Every home buyer hopes to find the perfect house. The one that, as soon as you walk through the front door, you know it is the one for you.
It happens, and when it does, I am really happy for my buyers. I always want my buyers to fall in love with the perfect house and live happily ever after.
Just like in relationships, however, emotions often come into play during the home buying journey…Emotions that may result in some not-so-loving feelings.
While I’m not a therapist, I can help you talk through your emotions about the homes we visit and help you identify if you are making decisions with your heart and not your head.
There are six basic emotions; let’s look at how they can affect your decision-making skills.
- Fear: We have all learned that fear triggers a “fight or flight” response. In terms of making decisions, fear may cause you to “flee” from making any decision at all, which could make your home buying experience exhausting. If you are afraid you will run out of time, or that if you pass on a house you won’t find another one, you may “fight” by making a rash decision too quickly.
- Sadness: Feeling sad can cause you to lower your expectations and settle for less than you truly want. You may decide you don’t need certain features that you previously wanted. Or you may settle for one of the first homes you see instead of persevering with the search.
- Disgust: Disgust can cause you to eliminate choices that otherwise might have been in the running. You might find the perfect floorplan, style, or location, but if the home has a bad odor, a filthy floor, or some other off-putting defect, you might not be able to stomach it, even if it is a completely reversible problem.
- Surprise: Surprise is an emotion that is fleeting– it happens quickly and then subsides. Surprises can be pleasant, like if you go to see a home you were not expecting to like and find it is much nicer than you expected. But if you are touring the home and a rat runs out of the pantry, you get a negative surprise. While surprise doesn’t last, the memory does, and it can influence how you feel about the event.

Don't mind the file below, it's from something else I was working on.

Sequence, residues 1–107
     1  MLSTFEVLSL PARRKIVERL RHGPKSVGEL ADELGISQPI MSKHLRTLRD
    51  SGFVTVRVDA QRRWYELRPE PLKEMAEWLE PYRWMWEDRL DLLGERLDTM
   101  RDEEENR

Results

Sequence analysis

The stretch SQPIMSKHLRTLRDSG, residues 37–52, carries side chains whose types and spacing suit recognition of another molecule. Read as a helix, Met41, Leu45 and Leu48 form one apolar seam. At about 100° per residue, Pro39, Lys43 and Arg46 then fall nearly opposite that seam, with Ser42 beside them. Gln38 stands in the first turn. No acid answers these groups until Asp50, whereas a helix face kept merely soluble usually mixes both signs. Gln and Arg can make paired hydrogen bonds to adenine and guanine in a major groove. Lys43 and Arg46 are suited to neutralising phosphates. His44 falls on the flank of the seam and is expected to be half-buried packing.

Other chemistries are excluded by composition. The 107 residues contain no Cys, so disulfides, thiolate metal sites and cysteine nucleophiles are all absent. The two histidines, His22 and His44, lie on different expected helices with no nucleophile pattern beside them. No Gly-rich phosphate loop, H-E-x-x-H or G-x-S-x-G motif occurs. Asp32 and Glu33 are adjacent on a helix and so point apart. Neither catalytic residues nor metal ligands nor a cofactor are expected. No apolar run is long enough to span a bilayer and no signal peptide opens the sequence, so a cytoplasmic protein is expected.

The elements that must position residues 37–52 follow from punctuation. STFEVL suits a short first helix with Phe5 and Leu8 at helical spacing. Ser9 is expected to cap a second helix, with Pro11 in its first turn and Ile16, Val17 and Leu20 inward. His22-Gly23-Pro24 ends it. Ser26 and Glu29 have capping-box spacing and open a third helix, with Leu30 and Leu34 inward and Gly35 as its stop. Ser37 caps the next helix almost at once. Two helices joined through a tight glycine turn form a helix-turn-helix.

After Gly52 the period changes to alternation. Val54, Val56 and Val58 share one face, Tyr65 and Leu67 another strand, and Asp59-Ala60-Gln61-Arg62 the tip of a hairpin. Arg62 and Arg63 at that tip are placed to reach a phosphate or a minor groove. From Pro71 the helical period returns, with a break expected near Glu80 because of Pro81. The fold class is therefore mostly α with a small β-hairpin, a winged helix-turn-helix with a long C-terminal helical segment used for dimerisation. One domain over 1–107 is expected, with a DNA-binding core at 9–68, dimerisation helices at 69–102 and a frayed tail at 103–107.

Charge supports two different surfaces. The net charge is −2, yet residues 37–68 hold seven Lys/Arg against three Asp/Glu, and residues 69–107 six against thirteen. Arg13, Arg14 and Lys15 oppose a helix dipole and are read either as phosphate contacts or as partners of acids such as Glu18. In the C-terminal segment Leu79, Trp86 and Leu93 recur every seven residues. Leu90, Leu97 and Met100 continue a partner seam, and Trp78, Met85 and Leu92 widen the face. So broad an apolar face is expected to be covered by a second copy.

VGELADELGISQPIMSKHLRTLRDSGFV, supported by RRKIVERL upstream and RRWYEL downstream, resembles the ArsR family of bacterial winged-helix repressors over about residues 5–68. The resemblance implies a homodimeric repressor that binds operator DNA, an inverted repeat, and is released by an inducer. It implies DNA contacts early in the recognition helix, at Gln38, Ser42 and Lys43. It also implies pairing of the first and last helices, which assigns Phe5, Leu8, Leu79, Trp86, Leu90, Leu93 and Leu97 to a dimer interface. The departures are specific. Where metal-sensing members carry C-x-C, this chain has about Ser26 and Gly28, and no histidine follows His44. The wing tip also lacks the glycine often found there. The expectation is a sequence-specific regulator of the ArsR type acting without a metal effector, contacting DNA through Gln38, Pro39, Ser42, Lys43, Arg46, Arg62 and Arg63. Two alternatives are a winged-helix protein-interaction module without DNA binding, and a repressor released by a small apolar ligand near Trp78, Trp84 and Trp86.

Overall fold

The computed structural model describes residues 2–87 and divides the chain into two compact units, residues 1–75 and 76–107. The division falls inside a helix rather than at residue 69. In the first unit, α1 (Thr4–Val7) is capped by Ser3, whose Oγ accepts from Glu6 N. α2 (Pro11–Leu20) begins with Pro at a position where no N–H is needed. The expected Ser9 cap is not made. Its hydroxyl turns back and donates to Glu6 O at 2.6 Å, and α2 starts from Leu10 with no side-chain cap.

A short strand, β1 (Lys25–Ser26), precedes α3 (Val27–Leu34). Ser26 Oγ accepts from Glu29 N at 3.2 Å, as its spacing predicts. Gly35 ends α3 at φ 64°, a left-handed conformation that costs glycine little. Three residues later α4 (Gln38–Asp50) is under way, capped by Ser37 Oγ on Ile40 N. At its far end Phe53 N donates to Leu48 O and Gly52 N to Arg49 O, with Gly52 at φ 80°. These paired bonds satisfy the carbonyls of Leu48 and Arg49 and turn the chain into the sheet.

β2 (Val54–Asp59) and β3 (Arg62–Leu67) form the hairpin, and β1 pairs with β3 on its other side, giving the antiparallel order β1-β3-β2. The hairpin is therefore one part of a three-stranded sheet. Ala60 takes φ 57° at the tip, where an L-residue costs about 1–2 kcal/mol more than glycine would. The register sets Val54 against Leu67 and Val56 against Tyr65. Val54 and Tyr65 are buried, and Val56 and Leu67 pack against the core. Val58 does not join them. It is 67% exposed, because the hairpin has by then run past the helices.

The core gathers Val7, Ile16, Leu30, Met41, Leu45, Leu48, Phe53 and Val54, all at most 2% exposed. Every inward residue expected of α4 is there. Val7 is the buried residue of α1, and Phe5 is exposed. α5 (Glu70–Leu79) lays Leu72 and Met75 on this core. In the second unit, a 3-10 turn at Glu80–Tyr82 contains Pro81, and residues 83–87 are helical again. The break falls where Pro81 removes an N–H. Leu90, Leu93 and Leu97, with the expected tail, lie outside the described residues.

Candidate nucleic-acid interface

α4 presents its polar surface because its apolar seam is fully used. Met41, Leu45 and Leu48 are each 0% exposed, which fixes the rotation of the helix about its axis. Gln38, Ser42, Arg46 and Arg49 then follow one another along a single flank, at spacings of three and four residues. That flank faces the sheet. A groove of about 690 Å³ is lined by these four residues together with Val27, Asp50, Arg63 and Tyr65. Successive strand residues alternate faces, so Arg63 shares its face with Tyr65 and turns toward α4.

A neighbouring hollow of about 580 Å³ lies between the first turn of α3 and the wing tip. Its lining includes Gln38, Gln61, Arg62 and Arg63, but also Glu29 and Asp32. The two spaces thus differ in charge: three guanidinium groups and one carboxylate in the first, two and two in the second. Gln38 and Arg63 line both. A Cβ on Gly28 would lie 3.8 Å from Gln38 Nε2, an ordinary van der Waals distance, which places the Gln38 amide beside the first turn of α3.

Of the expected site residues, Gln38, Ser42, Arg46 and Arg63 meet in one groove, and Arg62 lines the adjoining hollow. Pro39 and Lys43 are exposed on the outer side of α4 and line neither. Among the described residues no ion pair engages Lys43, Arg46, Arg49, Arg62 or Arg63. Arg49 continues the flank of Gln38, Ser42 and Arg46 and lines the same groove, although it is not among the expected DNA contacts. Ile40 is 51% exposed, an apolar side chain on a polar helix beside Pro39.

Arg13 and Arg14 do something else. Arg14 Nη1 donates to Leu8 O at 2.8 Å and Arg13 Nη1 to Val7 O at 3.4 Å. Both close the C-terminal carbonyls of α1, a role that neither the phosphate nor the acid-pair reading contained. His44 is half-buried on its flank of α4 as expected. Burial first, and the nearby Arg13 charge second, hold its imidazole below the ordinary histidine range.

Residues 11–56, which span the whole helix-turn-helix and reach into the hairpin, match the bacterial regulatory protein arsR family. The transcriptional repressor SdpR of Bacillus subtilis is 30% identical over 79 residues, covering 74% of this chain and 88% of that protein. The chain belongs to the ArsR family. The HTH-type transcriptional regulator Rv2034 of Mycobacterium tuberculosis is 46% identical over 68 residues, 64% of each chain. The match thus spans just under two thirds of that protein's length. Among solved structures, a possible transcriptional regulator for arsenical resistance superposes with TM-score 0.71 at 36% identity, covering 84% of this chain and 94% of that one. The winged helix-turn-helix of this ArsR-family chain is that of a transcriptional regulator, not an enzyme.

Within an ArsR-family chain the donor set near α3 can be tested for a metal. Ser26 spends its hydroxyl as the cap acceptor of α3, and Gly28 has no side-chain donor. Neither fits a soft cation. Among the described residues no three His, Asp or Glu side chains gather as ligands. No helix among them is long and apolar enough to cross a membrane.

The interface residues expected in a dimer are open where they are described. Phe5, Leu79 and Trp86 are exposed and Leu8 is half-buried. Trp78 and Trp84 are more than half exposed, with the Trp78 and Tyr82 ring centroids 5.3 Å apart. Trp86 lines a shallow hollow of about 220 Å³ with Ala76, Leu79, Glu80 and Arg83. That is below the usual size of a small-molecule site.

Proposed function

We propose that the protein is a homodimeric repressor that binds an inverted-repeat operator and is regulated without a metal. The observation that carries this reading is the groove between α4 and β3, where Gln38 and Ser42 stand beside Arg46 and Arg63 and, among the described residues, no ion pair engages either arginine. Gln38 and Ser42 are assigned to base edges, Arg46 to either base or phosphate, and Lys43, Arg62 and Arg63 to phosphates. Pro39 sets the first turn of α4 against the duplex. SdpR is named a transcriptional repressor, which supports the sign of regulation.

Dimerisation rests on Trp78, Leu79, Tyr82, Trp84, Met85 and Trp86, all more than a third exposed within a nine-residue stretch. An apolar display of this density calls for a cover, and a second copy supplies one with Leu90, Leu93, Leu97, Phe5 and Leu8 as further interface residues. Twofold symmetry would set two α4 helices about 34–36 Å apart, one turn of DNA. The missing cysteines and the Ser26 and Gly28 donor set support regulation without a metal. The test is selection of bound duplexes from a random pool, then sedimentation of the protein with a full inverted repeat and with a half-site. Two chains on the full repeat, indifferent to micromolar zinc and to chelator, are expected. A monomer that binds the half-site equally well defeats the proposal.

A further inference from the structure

- Happiness: We all want to feel happy when buying a home but be careful that your excitement doesn’t cause you to make bad decisions. When you are happy or excited, you tend to underestimate risks, assuming everything will work out. People also tend to spend more money than they planned when super excited.
- Anger: Anger can also cause you to take bigger risks. Research shows angry people are more likely to make impulsive decisions. Anger can sometimes be helpful. If handled properly, anger can help you to identify your needs and outline action steps to get the information you need to act responsibly.
In January 2020, sales of single-family-homes dropped by 16% from one year ago, and 26% from the previous month.
174 single-family-homes sold on the MLS compared to 208 the previous year. Inventory is tightening which is one of the factors impacting sales. Despite interest from buyers, the stress-test has reduced purchasing power and pushed many buyers to the sidelines. There is an increase in demand for mid- and lower-priced properties, but the lack of inventory is limiting many buyers ability to move forward with their home purchase.
You only get one chance to make a first impression, so you wanna get it right — especially when it comes to introducing your home to potential buyers.
With ninety percent of home buyers relying on the web for home searching, those listing photos matter, folks!